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Electronic medical records system goes live

After months of planning and preparation, today (Tuesday) is the go-live date for Powell Valley Healthcare’s new electronic medical records system.

“I am confident our staff has done the necessary work to get us ready,” said Bill Patten, Powell Valley Healthcare chief executive officer. “This is a huge undertaking, and our team has worked to make it happen in an amazingly short period of time.”

Originally planned for June, the date was moved back to allow more time to get all the NextGen systems in place and preparations completed.

“I have never seen a full hospital go live in six months,” Patten said. “It is remarkable that we’re able to do it in eight. It’s not uncommon to take 12-18 months.”

The Powell Valley Healthcare board approved the purchase of the NextGen system back in December under the leadership of Mike Lieb, then interim CEO for the organization. The June date was planned to help Powell Valley Healthcare achieve federal “meaningful use” criteria, which would qualify the organization for federal incentive payments.

“By delaying go-live a couple of months, it just delayed our ability to attest to meaningful use, and that will delay the payment,” Patten said. “Instead of getting the money October-ish, we will get it December-ish.”

But Patten said that two-month delay won’t cause problems, because Powell Valley Healthcare qualified for an incentive payment earlier this year with its previous HealthLand electronic medical records system, which, despite being unsuited to PVHC’s multi-faceted operation, met federal qualifications for incentive payments.

In addition, Powell Valley Healthcare qualified for money from a state fund to help small critical access hospitals in Wyoming purchase electronic medical records systems.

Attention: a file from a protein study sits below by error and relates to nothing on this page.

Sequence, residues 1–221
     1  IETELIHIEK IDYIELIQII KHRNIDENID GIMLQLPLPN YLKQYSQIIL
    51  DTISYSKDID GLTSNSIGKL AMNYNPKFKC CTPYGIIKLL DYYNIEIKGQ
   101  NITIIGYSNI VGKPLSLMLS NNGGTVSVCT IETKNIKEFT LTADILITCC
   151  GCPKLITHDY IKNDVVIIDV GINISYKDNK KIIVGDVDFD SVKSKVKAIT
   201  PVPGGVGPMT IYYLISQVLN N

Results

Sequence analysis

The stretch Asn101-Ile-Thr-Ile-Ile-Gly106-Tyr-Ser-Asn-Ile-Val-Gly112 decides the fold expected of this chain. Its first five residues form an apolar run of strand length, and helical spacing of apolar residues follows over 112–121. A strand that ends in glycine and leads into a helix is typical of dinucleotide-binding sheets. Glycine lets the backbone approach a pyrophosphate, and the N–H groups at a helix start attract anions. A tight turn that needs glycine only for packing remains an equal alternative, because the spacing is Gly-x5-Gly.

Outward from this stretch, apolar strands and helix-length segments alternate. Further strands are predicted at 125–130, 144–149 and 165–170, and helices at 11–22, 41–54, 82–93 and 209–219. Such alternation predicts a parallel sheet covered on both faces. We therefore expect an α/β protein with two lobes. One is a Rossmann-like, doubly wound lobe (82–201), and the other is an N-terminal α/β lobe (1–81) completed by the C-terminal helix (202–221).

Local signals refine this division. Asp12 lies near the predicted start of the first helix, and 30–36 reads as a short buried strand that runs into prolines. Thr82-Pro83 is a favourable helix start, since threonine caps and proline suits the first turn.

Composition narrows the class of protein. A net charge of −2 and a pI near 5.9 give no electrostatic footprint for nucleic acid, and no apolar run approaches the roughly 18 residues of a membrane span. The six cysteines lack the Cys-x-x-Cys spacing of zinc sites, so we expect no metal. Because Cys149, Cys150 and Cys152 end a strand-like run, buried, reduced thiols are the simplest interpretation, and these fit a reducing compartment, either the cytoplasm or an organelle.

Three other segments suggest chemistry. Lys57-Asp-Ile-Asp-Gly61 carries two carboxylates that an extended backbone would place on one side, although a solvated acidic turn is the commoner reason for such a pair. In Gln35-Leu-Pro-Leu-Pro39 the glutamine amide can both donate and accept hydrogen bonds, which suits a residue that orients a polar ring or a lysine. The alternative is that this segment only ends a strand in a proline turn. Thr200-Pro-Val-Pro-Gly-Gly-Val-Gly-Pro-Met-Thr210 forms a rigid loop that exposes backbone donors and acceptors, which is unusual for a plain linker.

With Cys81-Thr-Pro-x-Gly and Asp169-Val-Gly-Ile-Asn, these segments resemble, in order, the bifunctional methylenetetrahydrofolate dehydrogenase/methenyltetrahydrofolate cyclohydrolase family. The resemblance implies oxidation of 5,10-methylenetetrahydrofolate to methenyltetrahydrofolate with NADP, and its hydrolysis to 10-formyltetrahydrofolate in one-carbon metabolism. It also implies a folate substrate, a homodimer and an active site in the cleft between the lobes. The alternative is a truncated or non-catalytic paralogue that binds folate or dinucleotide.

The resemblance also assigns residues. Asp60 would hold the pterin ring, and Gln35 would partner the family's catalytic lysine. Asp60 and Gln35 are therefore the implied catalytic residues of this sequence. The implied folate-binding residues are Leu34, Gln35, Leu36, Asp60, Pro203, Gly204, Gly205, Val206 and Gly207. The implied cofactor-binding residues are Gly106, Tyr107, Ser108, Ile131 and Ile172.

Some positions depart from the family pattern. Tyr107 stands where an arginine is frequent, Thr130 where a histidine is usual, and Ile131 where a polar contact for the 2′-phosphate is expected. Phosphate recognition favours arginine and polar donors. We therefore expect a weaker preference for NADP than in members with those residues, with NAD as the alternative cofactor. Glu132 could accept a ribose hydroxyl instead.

Powell Valley Healthcare also has a $1 million line of credit with First Bank of Wyoming, just in case it’s needed.

“We don’t plan to use it, but it’s there in case we ever have a hiccup,” Patten said in late June.

Patten said he expected the new system and transition costs to come in under budget.

“We budgeted more than needed for personnel, but less than needed for software,” he said.

Meanwhile, the organization’s bottom line has improved over the past several months, thanks in part to a one-time incentive in which patients were offered a 25 percent discount if they paid their bill off in April. That brought in $492,857 in payments for bills totaling $642,505, discounted by a total of $149,648.

“There was such a backlog,” Patten said, “that Derek (Jones, former interim chief financial officer) said, ‘Hey, we’re coming up on tax season; why not tie the two things together?’”

The discount offer won’t be repeated next year, Patten said.

Patience please, patients

For a few weeks, patients should expect doctor visits to take a little longer at Powell Valley Healthcare while medical providers adjust to the new NextGen electronic medical records system.

In addition, they should be prepared to provide additional information about their medications.

“On their first visit after go-live, we ask them to bring a medication list with them, or the bottles of pills themselves, to make sure the new system is accurate as far as their medication goes,” said Bill Patten, PVHC chief executive officer. “Please be patient with us as we make this change. This is what we need from you in order to make the change better.”

The transition initially will reduce the number of patients medical providers will be able to see in a day. For that reason, the Express Care Clinic will not transition to the new electronic medical records system for several weeks so providers there can see more patients as needed, Patten said.

August is a good time for the transition, because there generally is less demand for physician services during that time, he said.

Electronic medical records help physicians and other providers provide a continuity of care across all the medical settings — from clinic visits to hospitalizations, or from the nursing home to a medical clinic, for example.

While some worry about the potential theft of medical information, “the restrictions are so great, the penalties are so large if we screw up, that the checks and balances we have ... should give patients a high degree of confidence,” Patten said.

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